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Assam: Three more held for damaging Silchar dyke

The number of persons arrested in the case has gone up to four
Silchar, located about a kilometre away from the damaged dyke, is still struggling to recover from the unprecedented deluge with 10 per cent of its area under water 14 days after the water of the Barak entered the town.
Silchar, located about a kilometre away from the damaged dyke, is still struggling to recover from the unprecedented deluge with 10 per cent of its area under water 14 days after the water of the Barak entered the town.
File picture

Umanand Jaiswal   |   Guwahati   |   Published 04.07.22, 12:20 AM

Three more persons have been arrested on charges of damaging a dyke that led to the flooding of Silchar in Assam on June 19 with water from the overflowing Barak river that runs along the town.

The number of persons arrested in the case has gone up to four after the arrest of Mitu Hussain Laskar, Nazir Hussain Laskar and Ripon Khan on Saturday night, Cachar superintendent of police Ramandeep Kaur Dhillon told The Telegraph.

On Friday night, the police had arrested Kabul Khan. 

The four arrested are among the six suspects identified so far. 

Dhillon said they started probing the case after the irrigation department lodged a complaint on May 23 about miscreants damaging the Bethukandi dyke, which provides protection to Silchar, the second biggest town after Guwahati. 

The miscreants had caused a 30-metre breach. Work on restoring the dyke is on. Incessant heavy rainfall and a Barak in spate disrupted normal life in Silchar, leaving 12 dead.

“We conducted our inquiry based on the irrigation department’s complaint about miscreants damaging the dyke and registered a case on June 21. Till now, we have arrested four people from Bethukandi for damaging government property. Investigation is still on,” she said.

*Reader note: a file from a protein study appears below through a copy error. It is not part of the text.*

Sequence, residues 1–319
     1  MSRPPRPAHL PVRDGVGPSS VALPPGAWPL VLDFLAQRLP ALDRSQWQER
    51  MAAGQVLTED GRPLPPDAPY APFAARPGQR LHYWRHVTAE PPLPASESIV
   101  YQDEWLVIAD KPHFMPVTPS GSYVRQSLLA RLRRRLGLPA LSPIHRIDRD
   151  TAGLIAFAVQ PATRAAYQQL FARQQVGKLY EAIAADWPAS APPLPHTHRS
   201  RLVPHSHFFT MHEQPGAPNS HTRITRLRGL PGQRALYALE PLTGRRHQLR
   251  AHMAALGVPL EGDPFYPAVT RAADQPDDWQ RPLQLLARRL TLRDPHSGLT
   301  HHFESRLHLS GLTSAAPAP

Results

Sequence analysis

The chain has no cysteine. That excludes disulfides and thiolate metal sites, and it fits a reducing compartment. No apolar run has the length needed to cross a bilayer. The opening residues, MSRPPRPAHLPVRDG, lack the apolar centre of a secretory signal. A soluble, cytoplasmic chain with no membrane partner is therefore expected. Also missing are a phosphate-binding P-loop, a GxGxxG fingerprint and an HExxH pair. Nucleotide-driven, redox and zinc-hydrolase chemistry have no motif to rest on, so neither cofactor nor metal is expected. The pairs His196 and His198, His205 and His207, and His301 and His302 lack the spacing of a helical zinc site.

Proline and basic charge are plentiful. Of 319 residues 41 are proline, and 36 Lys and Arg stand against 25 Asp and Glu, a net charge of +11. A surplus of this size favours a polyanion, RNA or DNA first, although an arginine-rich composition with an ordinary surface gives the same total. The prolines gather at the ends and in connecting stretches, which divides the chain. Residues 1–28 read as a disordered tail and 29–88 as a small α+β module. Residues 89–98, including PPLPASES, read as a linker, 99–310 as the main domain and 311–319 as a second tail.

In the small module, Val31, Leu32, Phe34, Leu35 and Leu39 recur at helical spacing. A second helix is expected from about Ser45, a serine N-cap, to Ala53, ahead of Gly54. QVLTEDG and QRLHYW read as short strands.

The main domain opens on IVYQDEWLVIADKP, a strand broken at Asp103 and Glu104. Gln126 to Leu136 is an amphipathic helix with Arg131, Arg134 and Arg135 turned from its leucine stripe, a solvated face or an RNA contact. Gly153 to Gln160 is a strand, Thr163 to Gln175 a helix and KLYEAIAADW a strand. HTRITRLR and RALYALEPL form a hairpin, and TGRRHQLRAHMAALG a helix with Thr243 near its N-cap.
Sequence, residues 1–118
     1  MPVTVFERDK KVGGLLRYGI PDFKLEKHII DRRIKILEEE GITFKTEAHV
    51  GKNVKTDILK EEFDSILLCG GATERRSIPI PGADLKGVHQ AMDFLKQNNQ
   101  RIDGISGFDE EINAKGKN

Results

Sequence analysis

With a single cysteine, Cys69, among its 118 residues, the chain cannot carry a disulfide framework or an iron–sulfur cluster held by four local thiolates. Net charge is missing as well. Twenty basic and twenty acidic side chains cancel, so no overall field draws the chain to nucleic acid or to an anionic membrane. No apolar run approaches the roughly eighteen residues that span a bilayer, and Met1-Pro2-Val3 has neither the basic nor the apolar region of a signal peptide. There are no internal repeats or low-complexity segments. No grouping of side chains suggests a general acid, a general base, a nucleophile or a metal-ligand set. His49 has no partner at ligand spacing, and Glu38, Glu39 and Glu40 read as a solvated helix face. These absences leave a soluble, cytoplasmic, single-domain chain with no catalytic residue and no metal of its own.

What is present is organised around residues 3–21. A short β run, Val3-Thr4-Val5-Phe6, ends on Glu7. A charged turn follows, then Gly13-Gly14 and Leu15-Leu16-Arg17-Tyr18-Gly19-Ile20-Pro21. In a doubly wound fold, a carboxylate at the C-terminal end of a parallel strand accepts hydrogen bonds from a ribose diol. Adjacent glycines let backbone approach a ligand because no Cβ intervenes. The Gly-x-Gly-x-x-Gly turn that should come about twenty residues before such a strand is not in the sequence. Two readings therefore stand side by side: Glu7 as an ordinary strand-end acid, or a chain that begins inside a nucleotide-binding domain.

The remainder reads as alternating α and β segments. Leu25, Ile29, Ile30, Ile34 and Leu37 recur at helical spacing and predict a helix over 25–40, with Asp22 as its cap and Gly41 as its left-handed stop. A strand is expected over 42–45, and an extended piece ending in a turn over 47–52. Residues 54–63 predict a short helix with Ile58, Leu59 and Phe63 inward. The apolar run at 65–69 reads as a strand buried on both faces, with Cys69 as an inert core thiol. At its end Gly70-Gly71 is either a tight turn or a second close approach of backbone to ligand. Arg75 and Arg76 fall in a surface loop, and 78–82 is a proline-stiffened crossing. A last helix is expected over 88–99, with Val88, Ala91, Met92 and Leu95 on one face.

Sources said the miscreants caused the breach in May to allow water from their area, which is vulnerable to waterlogging, to flow into the Barak. The residents of Bethukandi had made several representations to the authorities to find a permanent solution to waterlogging. In the past, the administration used to drain out the water.

“During the rains in May, they caused a breach that was not plugged. During heavy rain in June and with the Barak in spate because of water flowing from the hills of Mizoram and Manipur, water entered Silchar wreaking unprecedented havoc. They should not have damaged the dyke and the administration, too, should have taken timely action against the miscreants and plugged the breach in time,” the source said.

Silchar, located about a kilometre away from the damaged dyke, is still struggling to recover from the unprecedented deluge with 10 per cent of its area under water 14 days after the water of the Barak entered the town causing, extensive damage to the town and livelihood. 

Almost 90 per cent of the town was under water, making it difficult to extend relief. Boats and rafts were used to reach out to the affected in most areas.  

Assam chief minister Himanta Biswa Sarma had on Friday said the dyke-breach case would be handled by the police’s criminal investigation department.



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